6 April 2021

It's the perfect time to announce schools' new music curriculum, says Julian Lloyd Webber

By Lark Music
Julian Lloyd Webber playing cello with girl

The Department for Education’s new Model Music Curriculum, announced on March 26, will refresh music lessons for Key Stages 1, 2 and 3.

The plan aims to support all pupils in their musical progression from Year 1 and will encourage pupils to listen to classical music from Beethoven to Tchaikovsky, rock ‘n’ roll’s Little Richard and Elvis Presley, jazz from Nina Simone and modern classics such as Queen.

Children will be introduced to beat, rhythm and pitch, through to secondary school where more technical aspects of music will be introduced such as quavers, treble clefs, staccato and legato.

Julian Lloyd Webber, one of 15 music education specialists who developed the programme, told Lark Music: “It’s a perfect time to announce this because the pandemic has shown that at times of crisis, at times of people’s difficulties in their lives – music can be a sustaining thing. People turn towards music as a great source of comfort and also joy.

“There were lots of people who really gave up a lot of time to work on the new curriculum. It’s quite a piece of work, not least the list of reference music.

“Hopefully, as well as enthusing children it will enthuse teachers because they’re going to investigate these links which are so easy to find. It’s just advice – they don’t have to stick to that, if they find something they think is more suitable for their classes, they can use that. It’s a stimulation really.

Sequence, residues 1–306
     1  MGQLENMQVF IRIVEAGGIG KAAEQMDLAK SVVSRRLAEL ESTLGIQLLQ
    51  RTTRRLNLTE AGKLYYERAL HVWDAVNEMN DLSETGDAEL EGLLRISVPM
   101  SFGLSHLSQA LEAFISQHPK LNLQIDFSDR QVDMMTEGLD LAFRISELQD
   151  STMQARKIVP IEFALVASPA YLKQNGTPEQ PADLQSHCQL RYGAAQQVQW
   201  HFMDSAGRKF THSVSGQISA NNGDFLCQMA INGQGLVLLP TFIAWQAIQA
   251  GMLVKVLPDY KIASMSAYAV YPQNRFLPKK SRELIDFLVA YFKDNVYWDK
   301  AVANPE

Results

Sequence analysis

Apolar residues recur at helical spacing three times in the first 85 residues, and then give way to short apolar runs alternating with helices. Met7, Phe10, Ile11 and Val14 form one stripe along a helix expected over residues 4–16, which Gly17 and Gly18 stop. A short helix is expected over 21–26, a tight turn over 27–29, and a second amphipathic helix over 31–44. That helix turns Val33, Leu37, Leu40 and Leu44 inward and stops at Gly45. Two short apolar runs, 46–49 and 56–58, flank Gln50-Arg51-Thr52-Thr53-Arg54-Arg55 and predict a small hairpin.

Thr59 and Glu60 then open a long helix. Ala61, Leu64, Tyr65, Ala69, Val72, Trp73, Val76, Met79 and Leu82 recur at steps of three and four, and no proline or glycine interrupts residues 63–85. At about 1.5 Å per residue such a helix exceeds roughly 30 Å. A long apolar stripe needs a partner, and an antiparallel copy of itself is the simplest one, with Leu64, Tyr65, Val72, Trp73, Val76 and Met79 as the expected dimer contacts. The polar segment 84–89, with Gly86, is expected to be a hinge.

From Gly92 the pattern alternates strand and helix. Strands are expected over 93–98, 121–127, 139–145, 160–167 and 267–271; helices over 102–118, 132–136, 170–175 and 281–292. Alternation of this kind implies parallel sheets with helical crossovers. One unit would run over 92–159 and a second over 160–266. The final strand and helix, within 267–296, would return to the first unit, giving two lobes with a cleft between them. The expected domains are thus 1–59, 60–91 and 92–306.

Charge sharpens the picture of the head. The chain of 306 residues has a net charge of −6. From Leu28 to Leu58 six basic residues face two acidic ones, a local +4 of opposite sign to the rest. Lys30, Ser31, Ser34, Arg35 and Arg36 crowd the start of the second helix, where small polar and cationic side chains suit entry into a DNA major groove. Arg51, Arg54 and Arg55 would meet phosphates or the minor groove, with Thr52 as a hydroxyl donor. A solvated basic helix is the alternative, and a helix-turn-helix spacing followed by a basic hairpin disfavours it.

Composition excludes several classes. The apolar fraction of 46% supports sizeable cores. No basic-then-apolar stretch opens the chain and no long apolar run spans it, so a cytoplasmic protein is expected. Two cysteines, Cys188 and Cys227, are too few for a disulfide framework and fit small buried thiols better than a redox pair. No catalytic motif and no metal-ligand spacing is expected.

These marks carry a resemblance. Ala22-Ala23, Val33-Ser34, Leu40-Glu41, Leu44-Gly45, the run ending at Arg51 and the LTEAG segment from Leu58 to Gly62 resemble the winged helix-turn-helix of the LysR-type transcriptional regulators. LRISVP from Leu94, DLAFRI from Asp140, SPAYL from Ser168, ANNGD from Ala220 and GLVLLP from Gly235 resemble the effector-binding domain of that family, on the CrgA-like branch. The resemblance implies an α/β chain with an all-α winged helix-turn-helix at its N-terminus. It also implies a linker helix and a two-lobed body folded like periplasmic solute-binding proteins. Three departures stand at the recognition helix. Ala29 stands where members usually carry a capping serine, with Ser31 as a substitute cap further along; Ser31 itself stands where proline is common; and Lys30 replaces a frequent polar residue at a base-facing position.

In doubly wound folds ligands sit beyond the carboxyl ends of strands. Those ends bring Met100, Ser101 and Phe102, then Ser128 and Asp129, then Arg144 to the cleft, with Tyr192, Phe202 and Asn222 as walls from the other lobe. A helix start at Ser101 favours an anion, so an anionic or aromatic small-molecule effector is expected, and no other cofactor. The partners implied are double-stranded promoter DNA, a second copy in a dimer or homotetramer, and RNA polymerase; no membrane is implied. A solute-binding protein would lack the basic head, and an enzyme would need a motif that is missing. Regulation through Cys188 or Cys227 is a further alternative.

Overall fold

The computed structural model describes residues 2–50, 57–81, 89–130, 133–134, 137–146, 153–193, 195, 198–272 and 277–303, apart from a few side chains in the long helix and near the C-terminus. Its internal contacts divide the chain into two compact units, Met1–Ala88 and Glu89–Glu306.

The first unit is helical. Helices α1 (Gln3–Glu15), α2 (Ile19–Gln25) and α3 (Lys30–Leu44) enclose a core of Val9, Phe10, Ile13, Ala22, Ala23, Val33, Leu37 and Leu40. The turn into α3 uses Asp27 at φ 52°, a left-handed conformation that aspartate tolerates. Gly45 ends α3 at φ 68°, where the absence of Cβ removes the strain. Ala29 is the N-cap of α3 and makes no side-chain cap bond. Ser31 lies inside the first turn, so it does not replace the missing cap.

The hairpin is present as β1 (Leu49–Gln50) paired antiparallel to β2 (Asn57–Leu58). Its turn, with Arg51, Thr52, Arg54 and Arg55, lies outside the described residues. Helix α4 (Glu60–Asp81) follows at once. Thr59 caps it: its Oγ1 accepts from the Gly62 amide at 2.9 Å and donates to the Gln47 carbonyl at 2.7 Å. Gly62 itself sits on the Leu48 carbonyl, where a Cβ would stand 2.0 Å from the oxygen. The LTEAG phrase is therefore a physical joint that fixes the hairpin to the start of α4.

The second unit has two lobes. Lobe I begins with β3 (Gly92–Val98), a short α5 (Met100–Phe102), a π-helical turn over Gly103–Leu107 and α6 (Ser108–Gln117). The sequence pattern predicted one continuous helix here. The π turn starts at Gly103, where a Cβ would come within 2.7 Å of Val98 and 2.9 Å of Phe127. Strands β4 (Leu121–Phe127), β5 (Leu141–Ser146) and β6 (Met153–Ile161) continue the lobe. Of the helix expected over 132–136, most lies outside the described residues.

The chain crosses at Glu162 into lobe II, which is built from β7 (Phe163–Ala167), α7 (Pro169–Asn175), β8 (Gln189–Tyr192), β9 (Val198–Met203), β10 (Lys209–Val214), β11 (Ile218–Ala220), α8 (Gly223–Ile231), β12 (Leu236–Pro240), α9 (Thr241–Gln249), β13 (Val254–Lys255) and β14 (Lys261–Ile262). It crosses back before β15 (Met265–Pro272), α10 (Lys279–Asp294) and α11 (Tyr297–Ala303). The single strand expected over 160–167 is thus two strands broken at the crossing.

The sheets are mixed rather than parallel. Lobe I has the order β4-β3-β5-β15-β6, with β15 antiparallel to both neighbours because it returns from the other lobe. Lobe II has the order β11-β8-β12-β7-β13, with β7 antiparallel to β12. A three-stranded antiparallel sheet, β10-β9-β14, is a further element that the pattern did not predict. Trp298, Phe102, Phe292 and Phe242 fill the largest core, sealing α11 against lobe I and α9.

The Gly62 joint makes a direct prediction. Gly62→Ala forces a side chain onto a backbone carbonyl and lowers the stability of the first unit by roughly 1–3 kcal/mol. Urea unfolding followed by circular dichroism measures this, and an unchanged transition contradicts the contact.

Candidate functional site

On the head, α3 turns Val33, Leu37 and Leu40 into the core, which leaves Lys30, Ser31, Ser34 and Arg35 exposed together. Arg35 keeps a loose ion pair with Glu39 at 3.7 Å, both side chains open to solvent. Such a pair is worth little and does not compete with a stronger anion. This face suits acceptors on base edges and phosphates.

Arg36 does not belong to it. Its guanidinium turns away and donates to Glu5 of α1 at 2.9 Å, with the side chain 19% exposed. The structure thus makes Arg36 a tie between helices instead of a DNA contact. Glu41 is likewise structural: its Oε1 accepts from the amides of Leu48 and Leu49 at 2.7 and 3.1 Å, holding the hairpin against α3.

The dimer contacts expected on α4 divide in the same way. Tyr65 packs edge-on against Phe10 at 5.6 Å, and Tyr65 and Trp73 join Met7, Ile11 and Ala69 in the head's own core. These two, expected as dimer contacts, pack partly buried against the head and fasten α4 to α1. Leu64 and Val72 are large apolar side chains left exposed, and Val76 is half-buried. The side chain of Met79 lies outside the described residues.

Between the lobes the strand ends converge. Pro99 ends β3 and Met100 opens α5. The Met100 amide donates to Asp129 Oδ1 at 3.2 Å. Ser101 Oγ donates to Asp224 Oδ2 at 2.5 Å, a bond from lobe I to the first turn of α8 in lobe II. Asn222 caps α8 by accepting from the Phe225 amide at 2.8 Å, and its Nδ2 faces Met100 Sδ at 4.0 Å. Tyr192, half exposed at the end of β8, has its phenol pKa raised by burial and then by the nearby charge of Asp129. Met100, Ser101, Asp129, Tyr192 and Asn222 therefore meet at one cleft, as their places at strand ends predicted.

“This is a ‘very strong recommendation’ for at least one hour of music a week. Headteachers should take notice of that. It is down to them about how much they are determined to have music in their schools. That is the change and it could well lead to more music teachers being required in schools.

“It’s wholly positive as it will only encourage more music for children. It’s even open to the children to say, ‘Hey, what about this one?’. So, I think it’s exciting.”

Webber, who recently hosted Classic FM’s Rising Stars programme featuring talented young musicians, said: “In the discussions I’ve had with Schools Minister Nick Gibb, it’s very much to his credit that he actually wants this to work without making everything compulsory. He is concerned about ordering schools to do things.

“There will also be a budget to help towards buying instruments and I am also involved with other organisations such as Restore the Music which supports schools with equipment and funds. I also chair Sistema England and we get a lot of people donating instruments or sometimes offering to buy them. We make sure that they are distributed, often through In Harmony, an Arts Council-supported scheme that inspires children in deprived communities through ensemble music-making.

“Something that comes through this curriculum is that music is fun, it’s something to be enjoyed. It’s not stuffy at all.

“There’s a definite feeling about the importance of the arts. Ofsted recognises that for schools to be outstanding they have to have cultural aspects, too. It’s all about children, not about adults arguing which piece of music should be on the list, or whether we should be learning some basic notations, it’s not about that.

“Let’s face it, it’s an hour a week, better than nothing. It will be a lesson in a class; it will be a period in the school day where the children will actually be looking forward to it.

“I don’t think we’ll ever be in a position where we really say ‘It’s all sorted’, there’s always more that can be done. This is about giving children the joy of music and introducing them to something that can be a wonderful thing in their lives. And in one or two cases they want to actually go on to do it.”

For further information visit

Watch an exclusive clip

Julian Lloyd Webber assures teachers that the new Model Music Curriculum is simply laid out and helpful for teachers.